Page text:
WXPR's Community Journalists
Most Active Stories
- Margot Adler, An NPR Journalist For Three Decades, Dies
- UPDATE: Star Lake Woman Dies After Rescuing Kids From Drowning
- Investigative Film on Penokee Mine Comes to Northern Wisconsin
- State Limited In Helping Keep Rail In Rural Areas: Secretary
- Mixing Experiment Helps Remove Ninety Percent of Invasive Smelt From Crystal Lake
Fri June 7, 2013
Reports: Husband Cleared, Wife Arrested In Latest Ricin Case
There's been an arrest by federal authorities who are trying to track down the person responsible for last month mailing possibly ricin-laced letters to President Obama, New York City Mayor Michael Bloomberg and a gun control group the mayor supports.
Local news outlets say the person arrested is not the New Boston, Texas, man who authorities initially identified as a "person of interest."
Instead, it's the man's wife. And it could be that the motivation behind the letters had nothing to do with Bloomberg's or Obama's efforts to tighten the nation's gun laws.
"Shannon Richardson has been arrested. ... Shannon's husband, Nathan Richardson, was named as a person of interest after Shannon contacted authorities about a suspicious substance she found in their refrigerator. Nathan Richardson was questioned by the FBI last week and released. ... Attorney John Delk says his client, Nathan Richardson, approached him [last year] about getting a divorce. ... 'We have very good reason to believe it was a setup,' said Delk."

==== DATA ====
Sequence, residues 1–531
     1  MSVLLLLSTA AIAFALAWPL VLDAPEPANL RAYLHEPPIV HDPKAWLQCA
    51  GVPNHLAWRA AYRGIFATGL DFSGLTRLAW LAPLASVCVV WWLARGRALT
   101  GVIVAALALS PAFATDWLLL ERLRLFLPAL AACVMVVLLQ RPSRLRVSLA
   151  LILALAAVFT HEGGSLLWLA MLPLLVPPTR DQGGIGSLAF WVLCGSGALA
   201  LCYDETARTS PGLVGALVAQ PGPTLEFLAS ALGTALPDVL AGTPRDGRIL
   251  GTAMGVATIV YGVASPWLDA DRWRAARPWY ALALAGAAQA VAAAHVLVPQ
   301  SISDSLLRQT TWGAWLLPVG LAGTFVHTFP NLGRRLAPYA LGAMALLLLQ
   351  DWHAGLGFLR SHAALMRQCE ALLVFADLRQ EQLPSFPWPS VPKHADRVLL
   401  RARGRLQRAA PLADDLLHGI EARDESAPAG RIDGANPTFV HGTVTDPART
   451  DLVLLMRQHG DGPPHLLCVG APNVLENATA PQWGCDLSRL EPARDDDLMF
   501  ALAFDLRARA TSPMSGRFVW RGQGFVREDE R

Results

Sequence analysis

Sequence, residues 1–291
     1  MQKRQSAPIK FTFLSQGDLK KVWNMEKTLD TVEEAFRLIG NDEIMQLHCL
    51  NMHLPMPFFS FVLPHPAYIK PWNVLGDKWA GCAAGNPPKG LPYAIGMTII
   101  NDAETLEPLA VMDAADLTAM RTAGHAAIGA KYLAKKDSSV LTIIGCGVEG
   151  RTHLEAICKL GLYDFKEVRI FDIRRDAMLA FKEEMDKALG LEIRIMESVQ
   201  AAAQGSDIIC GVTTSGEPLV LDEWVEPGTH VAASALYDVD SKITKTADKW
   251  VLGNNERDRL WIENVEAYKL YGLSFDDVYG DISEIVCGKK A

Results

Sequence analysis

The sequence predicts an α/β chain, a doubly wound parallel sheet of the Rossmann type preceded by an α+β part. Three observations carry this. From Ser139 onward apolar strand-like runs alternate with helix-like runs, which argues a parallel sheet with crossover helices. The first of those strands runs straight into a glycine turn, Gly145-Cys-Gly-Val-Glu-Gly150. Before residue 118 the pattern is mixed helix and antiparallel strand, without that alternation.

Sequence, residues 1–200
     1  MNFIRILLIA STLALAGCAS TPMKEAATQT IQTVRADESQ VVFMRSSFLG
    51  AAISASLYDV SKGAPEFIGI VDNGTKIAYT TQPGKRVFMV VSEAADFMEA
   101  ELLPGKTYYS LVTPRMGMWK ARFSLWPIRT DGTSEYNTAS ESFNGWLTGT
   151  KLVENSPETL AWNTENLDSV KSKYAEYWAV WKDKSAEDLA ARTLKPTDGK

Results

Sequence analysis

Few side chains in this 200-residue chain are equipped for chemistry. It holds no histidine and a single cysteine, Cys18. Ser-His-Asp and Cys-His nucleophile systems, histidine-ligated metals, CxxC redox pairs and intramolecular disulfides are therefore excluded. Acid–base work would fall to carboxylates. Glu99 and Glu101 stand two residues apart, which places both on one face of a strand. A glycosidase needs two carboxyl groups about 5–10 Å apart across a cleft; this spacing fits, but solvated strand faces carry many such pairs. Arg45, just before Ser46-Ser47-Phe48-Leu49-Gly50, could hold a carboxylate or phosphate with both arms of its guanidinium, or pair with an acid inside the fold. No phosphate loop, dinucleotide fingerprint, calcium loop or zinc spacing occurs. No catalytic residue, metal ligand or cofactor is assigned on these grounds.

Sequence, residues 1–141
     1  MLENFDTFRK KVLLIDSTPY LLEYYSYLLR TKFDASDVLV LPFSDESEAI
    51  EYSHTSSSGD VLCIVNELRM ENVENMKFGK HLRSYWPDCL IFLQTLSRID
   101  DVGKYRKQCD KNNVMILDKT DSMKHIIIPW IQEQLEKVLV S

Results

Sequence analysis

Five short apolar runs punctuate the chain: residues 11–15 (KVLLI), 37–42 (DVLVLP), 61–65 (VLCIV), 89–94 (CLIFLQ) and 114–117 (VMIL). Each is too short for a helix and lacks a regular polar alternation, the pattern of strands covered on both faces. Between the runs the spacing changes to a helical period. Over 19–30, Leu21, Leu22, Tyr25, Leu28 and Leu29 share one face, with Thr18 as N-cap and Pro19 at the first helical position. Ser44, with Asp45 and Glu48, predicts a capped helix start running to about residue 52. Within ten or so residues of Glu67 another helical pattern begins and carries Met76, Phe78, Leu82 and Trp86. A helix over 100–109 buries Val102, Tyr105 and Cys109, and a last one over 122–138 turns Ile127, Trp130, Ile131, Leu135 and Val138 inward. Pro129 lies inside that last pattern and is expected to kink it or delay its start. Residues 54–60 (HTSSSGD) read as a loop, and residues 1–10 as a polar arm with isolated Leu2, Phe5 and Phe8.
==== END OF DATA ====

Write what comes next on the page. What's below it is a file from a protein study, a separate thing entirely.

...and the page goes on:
NBC News' Pete Williams says Shannon Richardson "was arrested in Arkansas on charges that will be filed Friday afternoon, the authorities said."
Shreveport's KSLA-TV adds that "Shannon Richardson was seen going into the federal courthouse in downtown Texarkana just before noon, accompanied by federal agents."
If authorities do prove that Shannon Richardson sent the letters and then pointed authorities to her husband, this could be the second case in the past two months in which someone was allegedly framed for mailing the deadly poison to Obama and other officials.
In April, Pual Kevin Curtis of Mississippi was initially suspected of sending such letters to the president, a senator and a local judge. But authorities soon zeroed in on another Mississippi man, James Everett Dutschke, who reportedly had run-ins with Curtis in the past. Dutschke has since been indicted on five federal charges, from sending threats in the mail to knowingly making and possessing "a biological agent... for use as a weapon."